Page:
This article was produced by Voting Booth, a project of the Independent Media Institute.
The debate over online voting—whether an electronic ballot can be sufficiently trusted—is heading into a higher orbit in Denver. City election officials will open their pilot of the nation’s most advanced smartphone mobile voting app that several hundred overseas residents will use in May’s elections to independent examination by observers.
“We wanted and we asked Voatz [the app maker] to develop a means by which outside observers can conduct their own audits independently of the election conducted through the blockchain,” said Jocelyn Bucaro, Denver deputy director of elections.
The blockchain is a way to secure data by putting encrypted, unchangeable pieces of a file, in this case an electronic ballot marked by a smartphone, on computers in different locations that later will be reassembled, printed and counted with other ballots.
“We are hopeful that by the time that we are actually tabulating results for this election, we will have an offering… to be registered election observers through the blockchain to conduct their own audit of what we are reporting,” Bucaro said.
“We’d be the first entity ever to do a third-party digital audit of an election,” said Forrest Senti, Business and Government Initiatives director at the National Cybersecurity Center (NCC), based in Colorado Springs, which has worked with Denver for the past year to plan the pilot and will set up the ballot-handling audit including outside participants.
Observers can assess an “end-to-end verifiable” process, the city’s announcement said. That technical phrase is key, as it is the exacting security and accountability standard that academic critics of online voting have said must be satisfied before considering its use.
Many critics have never expected a voting system developer to assert they can meet that “end-to-end” standard. For years, they have said, and many still say, that software has holes that can be exploited to tilt election outcomes. That conclusion has bolstered the argument that there is no substitute for human-made ink marks on paper ballots. Some leaders in this community were neither impressed with Denver’s staging of an audit inviting skeptics nor even curious about the technologies involved.
“That’s not good enough,” said Jim Soper, a computer programmer and election integrity organizer. “An audit is not a red team test—a hack test,” he said, adding, “A lot of critical outsiders would not participate… They will invite their own people who will not be as critical or as skeptical as they need to be. We have seen this kind of stuff before.”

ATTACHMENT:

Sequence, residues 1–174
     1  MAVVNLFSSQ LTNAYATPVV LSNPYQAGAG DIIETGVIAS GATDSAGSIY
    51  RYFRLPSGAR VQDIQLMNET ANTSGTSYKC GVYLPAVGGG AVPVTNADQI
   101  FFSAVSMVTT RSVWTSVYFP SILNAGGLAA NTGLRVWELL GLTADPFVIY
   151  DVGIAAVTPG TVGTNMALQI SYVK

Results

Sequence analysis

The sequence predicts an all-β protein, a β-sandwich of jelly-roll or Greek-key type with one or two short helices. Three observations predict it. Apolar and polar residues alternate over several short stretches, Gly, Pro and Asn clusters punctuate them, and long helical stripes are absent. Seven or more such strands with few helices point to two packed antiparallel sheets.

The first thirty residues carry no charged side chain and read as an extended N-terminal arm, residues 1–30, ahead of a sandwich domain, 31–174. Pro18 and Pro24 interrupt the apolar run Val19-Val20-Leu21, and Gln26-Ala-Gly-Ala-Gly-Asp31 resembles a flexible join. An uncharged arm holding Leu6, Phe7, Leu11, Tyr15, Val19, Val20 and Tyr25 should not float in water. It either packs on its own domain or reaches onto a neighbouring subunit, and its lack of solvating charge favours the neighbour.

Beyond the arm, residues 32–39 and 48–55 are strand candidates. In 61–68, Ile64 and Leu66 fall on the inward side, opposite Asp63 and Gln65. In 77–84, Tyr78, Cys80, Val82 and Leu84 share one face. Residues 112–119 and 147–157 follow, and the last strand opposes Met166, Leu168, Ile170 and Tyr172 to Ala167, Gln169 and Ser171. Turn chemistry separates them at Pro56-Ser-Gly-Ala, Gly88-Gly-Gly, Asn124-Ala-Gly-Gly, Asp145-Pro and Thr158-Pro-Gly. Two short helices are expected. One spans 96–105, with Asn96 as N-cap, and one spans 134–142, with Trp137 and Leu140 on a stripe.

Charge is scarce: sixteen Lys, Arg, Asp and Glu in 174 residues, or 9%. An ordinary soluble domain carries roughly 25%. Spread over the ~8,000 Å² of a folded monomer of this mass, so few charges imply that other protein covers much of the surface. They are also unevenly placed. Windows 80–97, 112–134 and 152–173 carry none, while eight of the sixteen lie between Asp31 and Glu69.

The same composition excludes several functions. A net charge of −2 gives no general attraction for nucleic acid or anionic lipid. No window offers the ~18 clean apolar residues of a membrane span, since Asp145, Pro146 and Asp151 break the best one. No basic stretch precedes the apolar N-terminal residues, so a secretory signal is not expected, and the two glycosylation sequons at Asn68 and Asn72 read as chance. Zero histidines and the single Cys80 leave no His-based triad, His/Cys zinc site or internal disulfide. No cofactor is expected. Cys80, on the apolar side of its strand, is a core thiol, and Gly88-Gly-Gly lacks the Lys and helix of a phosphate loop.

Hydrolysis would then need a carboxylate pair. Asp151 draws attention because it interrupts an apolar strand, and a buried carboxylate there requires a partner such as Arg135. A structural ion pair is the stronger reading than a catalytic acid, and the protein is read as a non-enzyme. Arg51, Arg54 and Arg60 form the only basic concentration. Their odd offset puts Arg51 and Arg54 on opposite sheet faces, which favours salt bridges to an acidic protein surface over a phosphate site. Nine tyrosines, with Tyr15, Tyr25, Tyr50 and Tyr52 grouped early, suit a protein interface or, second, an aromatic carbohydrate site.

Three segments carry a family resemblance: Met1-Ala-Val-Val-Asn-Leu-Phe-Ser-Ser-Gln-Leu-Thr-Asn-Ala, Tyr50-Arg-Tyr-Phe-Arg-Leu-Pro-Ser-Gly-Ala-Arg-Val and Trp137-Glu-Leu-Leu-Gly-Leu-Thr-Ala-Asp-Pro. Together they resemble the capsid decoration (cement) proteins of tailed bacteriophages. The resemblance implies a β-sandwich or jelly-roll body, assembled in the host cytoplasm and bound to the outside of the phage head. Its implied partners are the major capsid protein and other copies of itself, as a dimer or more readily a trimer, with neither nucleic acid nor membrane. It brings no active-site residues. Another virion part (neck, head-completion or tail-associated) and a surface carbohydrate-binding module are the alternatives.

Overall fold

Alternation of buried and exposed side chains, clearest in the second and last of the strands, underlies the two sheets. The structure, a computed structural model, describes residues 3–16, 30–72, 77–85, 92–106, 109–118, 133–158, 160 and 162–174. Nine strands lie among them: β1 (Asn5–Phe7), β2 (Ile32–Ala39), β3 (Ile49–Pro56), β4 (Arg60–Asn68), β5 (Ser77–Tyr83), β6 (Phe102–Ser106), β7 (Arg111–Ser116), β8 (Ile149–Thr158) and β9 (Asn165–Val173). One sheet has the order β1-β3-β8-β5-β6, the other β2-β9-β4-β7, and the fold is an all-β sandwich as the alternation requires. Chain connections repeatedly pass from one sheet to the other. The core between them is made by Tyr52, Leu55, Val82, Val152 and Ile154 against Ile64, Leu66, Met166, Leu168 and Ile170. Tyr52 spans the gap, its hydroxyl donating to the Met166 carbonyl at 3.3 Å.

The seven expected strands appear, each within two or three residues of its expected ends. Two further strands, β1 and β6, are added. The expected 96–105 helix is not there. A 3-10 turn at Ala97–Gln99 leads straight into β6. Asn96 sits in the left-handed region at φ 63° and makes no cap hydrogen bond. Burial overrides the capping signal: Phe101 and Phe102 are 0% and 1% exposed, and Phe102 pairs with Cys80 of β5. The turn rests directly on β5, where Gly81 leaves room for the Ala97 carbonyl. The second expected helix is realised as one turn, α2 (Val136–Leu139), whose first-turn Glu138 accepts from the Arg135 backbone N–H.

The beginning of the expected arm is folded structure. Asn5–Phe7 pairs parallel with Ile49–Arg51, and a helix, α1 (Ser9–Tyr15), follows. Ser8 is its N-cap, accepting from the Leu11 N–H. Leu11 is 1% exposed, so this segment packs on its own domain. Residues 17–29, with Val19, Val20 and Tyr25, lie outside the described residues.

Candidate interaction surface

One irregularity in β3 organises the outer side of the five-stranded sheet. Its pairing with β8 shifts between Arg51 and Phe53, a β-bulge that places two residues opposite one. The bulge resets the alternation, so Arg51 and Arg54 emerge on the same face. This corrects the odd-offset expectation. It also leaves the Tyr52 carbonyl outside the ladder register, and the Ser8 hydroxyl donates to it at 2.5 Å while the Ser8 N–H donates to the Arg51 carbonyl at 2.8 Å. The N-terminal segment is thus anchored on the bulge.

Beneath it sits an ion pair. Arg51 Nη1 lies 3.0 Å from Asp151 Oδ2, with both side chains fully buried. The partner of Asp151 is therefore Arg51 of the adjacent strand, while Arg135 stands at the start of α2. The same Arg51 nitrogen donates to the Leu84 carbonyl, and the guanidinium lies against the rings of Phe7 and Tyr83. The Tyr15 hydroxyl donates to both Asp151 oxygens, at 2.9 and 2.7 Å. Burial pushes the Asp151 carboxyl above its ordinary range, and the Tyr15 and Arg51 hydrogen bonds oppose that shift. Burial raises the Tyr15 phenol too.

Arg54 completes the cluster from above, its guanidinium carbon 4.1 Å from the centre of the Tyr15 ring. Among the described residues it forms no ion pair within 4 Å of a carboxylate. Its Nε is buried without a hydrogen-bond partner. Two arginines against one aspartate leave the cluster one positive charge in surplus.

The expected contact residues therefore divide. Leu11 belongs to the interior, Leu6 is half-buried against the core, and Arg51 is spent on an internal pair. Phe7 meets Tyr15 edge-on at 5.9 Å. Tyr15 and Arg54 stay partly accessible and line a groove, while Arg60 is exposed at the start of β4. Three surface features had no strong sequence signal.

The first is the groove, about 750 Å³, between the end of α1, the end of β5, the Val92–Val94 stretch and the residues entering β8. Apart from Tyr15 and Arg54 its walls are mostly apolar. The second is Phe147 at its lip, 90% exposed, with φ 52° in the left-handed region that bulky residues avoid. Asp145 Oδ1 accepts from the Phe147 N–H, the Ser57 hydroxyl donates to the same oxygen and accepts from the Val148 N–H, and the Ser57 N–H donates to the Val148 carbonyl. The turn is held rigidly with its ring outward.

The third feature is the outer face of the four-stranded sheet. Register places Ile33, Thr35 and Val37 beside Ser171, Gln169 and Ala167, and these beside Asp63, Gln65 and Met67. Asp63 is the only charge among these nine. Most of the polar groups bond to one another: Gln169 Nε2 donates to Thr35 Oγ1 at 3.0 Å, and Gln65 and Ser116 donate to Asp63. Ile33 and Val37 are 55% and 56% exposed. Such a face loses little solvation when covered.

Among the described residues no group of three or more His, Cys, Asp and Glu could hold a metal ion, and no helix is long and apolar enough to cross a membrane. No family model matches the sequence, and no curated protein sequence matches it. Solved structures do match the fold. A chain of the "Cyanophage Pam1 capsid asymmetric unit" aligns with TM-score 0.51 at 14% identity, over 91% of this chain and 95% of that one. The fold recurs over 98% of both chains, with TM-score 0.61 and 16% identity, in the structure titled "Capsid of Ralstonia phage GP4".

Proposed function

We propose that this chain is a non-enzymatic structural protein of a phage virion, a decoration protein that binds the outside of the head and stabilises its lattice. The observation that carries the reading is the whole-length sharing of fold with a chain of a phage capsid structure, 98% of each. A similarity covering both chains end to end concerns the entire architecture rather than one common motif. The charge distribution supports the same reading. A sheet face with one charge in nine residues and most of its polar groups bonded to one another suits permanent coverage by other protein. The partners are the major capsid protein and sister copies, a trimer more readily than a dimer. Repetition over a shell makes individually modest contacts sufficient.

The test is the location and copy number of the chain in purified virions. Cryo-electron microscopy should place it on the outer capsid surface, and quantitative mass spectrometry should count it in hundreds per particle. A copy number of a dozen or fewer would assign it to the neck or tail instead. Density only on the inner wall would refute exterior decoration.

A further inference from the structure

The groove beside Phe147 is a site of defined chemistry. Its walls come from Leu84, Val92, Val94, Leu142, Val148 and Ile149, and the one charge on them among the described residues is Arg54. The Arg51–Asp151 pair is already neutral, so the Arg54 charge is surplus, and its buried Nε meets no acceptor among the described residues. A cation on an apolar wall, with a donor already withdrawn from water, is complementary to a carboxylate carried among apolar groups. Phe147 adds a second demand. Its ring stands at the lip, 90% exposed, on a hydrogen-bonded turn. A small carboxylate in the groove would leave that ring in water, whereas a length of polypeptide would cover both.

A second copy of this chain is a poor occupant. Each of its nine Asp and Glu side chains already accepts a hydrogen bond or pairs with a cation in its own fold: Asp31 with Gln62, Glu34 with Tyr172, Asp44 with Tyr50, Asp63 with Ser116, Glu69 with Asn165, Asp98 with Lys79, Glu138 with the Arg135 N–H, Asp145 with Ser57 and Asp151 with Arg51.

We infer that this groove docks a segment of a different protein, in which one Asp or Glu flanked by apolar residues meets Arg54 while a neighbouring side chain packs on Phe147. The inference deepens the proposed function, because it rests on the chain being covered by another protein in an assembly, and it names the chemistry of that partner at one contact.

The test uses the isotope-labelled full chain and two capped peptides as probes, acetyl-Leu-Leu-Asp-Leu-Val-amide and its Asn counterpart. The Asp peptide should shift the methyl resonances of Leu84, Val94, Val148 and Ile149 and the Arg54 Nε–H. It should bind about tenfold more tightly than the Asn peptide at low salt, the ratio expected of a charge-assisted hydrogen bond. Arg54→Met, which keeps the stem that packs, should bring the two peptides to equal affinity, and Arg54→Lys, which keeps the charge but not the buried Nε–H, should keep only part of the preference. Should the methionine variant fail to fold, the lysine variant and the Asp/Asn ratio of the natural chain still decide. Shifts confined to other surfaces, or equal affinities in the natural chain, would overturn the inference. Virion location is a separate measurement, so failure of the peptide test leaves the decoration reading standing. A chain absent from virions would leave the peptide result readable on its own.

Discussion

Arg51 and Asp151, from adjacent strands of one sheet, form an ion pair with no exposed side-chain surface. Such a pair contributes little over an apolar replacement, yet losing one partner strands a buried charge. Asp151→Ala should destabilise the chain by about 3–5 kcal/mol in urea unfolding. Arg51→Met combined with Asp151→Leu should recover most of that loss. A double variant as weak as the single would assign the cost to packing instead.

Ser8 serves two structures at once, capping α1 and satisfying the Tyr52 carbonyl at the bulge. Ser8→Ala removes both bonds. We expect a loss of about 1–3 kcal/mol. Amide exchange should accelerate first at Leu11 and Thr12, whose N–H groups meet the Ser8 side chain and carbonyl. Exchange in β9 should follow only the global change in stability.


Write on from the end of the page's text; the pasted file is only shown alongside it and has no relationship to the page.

“Our country is moving toward paper ballots for a reason. Software is hard. Even the most long-term, experienced voting system vendors in our country cannot get it right—and this is a newbie start-up, who comes in with an app, who claims a bunch of stuff,” said Susan Dzieduszycka-Suinat, founder of the U.S. Vote Foundation, which for the past 15 years has helped overseas voters. “We’re trading one set of problems for another set of problems, and we’re equally unprepared for the new set.”
These hard responses reflect views that were formed when the manufacturers of paperless voting systems over-promised and under-delivered the machinery that many states bought after Florida’s flawed 2000 presidential election. Today, most of the country has gone back to using voting systems built around paper ballots. But what Denver is doing is not resurrecting these old and flawed systems, and it could have far-ranging implications.
Local Pilot, National Stakes
The city’s use of a mobile voting app, following 2018 pilots in West Virginia, is part of a bigger play that could reshape how millions of Americans vote. In short, the smartphone would replace what voters do when they sign into a poll book at a precinct, and then the phone would be used as a ballot-marking device—an electronic pen. The ballots, which are created by the election officials, would be copied and carried by the blockchain.
More specifically, a smartphone’s features are being used to credential the voter; verify their government-issued photo IDs; test that the person using the device is alive and not an avatar or fake; bind that phone to that voter and one ballot; and submit the ballot via the encrypted blockchain. Voatz and its allies in philanthropy, policy and government circles see smartphone voting as a potential option for major slices of society: citizens abroad, people with disabilities, and even states and counties that now vote by mail.
“That’s why we are doing this in the first place. We want to be able to bring people into the room and be able to understand that potential,” said Senti of the NCC, which spent a year assessing the city’s election infrastructure, creating technical guidelines for using blockchains in elections, vetted vendors and will oversee the open audit.
“We are going to have some people from the E.A.C. [Election Assistance Commission, the federal agency regulating overall voting systems] here at the end of the month and be able to have that conversation, and say, ‘Look, we’re leaving these people that want to test these technologies and bring these pilot opportunities to markets, and to provide a voice,’” he said. “The UOCAVA [overseas] population is 3.3 million registered voters, and the turnout is around 7 percent. That is an election [margin in a national race].”